I like that we have the scope of 52 episodes to explore who these characters are. We have the flexibility to expand their world, dig into the nature of their friendship, and then create a lot of fun story ideas to play that out. The series format is definitely more relentless than the half-hour specials I was used to before, primarily because I like to give it that same stamp of quality. A series feels more like jumping on a conveyor belt that needs to run at a fast pace and isn’t allowed to stop at any time. But that’s where the fun is as well. I’m always amazed about what we get done on a weekly basis.
Pip and Posy
What were your biggest challenges in getting this show of the ground?
Surprise, surprise: the COVID pandemic. We hadn’t even been in production for three months when the first lockdown was called in the U.K. So, we all started working remotely. This had countless challenges. For instance, we were due to start recording voices without any access to facilities. We had to rely on our cast of children to record from home in makeshift duvet dens, whilst puppies were barking and parcels being delivered. It was an enjoyable chaos; we relied on their parents to install this professional sound equipment, the children’s unflappable enthusiasm and our voice director’s boundless energy on Zoom to keep things on track. It’s a testament to everyone’s resilience that our duvet den recordings are of the best quality, and currently broadcast on TV.
What do you love about Pip and Posy?
I’m very proud of this show. I love the stories, the characters and the whole tactile look of it. It’s such an inviting series, and has that irreverent, witty humor which makes it an enjoyable watch for preschoolers (and hopefully parents as well). What I love most is how an episode seems to get ‘plussed’ at every stage it goes through. We’ve had stories where we weren’t sure if we hit an emotional beat correctly, and then the animation department knocked that out of the park. And episodes where we felt the pace dropped a little, the music score suddenly made you long for more. So far, we haven’t had a single dull day … every week something happens I’m really proud of.
Pip and Posy
Which animated show or movie had the biggest impact on you?
Slightly embarrassing perhaps, but it might be Beauty and the Beast. I loved animation since I was a child, but never really questioned it. So, this was probably the first animated movie that made me understand there was an industry behind these pretty drawings. I remember seeing one of those ‘featurettes’ before the actual movie and was blown away at the skill and diligence. So, when I went to see Beauty and the Beast in the cinema, I vividly remember looking at it more from a ‘filmmaker’ point of view, pointing out “multiplane!” at every opportunity.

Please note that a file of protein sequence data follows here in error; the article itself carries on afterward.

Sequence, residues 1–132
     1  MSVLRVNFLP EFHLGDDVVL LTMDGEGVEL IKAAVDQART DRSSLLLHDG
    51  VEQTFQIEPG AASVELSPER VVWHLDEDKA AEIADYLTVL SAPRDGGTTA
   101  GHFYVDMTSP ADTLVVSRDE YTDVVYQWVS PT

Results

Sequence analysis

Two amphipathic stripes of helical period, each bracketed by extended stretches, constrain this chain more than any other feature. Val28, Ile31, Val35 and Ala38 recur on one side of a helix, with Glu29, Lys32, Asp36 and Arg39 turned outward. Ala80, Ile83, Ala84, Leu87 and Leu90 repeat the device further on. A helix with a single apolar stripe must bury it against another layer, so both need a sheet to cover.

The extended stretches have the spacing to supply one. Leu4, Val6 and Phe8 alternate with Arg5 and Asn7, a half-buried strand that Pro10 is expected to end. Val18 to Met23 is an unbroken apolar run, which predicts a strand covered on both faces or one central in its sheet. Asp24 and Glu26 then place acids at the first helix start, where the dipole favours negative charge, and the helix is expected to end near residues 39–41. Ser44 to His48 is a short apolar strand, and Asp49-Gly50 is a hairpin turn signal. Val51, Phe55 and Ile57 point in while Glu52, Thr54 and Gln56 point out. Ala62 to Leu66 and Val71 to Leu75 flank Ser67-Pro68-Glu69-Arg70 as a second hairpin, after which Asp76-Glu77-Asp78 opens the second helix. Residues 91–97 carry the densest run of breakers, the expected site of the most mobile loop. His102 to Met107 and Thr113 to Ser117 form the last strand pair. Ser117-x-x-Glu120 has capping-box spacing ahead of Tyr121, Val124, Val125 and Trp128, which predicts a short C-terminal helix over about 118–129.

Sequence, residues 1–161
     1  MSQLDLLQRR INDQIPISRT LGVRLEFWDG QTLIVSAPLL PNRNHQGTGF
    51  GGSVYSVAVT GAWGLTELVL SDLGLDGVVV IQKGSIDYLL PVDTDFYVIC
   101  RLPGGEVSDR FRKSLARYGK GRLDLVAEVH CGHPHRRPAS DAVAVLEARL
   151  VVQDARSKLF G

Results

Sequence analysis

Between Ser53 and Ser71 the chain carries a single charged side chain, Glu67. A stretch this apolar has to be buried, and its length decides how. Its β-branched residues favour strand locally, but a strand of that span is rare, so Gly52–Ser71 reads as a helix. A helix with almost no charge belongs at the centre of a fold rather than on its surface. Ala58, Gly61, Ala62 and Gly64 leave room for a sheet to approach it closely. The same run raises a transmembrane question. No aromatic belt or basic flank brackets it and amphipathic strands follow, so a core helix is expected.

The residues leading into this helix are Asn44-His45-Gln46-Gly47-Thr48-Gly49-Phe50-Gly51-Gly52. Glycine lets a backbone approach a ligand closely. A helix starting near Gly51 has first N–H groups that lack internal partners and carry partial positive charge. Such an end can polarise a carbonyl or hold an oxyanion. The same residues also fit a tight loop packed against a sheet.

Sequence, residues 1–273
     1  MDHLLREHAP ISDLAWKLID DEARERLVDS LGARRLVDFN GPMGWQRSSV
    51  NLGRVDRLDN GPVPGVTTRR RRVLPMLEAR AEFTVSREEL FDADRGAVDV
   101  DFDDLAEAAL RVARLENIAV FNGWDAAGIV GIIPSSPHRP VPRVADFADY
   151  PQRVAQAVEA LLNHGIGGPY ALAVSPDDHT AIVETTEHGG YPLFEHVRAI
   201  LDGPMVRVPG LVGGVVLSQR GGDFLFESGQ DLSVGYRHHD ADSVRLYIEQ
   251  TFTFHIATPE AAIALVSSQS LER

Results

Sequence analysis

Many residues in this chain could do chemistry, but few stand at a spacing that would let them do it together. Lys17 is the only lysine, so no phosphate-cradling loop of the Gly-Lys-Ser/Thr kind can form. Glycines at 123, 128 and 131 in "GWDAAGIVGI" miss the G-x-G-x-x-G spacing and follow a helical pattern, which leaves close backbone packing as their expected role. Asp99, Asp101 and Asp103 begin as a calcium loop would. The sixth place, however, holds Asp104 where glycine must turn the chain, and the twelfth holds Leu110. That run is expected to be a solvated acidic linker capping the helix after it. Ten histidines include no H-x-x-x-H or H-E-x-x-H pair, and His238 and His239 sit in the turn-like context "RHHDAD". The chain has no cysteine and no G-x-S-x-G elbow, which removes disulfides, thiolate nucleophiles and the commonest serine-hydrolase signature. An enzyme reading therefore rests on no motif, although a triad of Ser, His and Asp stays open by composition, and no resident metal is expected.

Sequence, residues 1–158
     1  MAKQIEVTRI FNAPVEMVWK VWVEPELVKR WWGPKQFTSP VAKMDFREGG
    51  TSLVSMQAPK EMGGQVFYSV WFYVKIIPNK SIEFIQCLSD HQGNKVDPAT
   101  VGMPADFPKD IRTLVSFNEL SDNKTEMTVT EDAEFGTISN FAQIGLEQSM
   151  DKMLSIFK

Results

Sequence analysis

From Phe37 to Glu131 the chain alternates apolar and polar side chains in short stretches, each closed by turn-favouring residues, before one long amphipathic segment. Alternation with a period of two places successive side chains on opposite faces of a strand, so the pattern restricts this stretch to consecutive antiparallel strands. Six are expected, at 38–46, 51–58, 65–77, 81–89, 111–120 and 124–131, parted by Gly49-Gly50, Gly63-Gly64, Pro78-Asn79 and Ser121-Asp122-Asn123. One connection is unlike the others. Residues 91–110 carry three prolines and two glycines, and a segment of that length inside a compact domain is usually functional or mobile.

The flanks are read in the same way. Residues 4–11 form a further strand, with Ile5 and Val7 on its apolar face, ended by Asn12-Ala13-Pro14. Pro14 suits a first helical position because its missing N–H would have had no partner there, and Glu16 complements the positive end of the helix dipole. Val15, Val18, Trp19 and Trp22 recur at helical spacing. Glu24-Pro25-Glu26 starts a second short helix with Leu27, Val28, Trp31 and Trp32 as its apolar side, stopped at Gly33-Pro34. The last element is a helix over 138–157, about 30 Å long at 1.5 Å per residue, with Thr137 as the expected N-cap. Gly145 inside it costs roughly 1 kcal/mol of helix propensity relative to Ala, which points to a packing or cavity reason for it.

What’s your take on the children’s animation scene in 2021?
I’ve got a sense it’s a healthy time for animation. It definitely has proven itself as a solid industry in this difficult year we’ve had, having adapted easier to working remotely. Preschool animation by default has a target audience with an insatiable appetite. Ironically, it feels like there has been more appetite for new content than ever before. I hope that this thirst for content and the accessibility via new viewing platforms will result in a surge of quality, not just quantity. Our younger viewers deserve thoughtful, engaging, fun and intelligent programs, just like adults do.
What kind of advice can you offer newbies who want to get into the animation business?
My experience is that there is no clear path, and that you gradually venture towards the area you feel you can offer the most. And that might not be the field you originally set out for! I see the animation business as a very social industry. So, whenever possible, please don’t fall for the trap of sitting quietly with your headphones on. I always think it’s worth it to show more interest beyond the department you happen to find yourself in. Positivity and communication skills are very important in our industry, and I think that schools don’t always focus enough on that. So, show interest in others and make sure they find you interesting. Be confident of the things you’re good at, but never assume you’re the best at it.
Pip and Posy currently airs in the U.K. on Channel 5’s Milkshake and will debut on the Sky Kids on-demand service in May.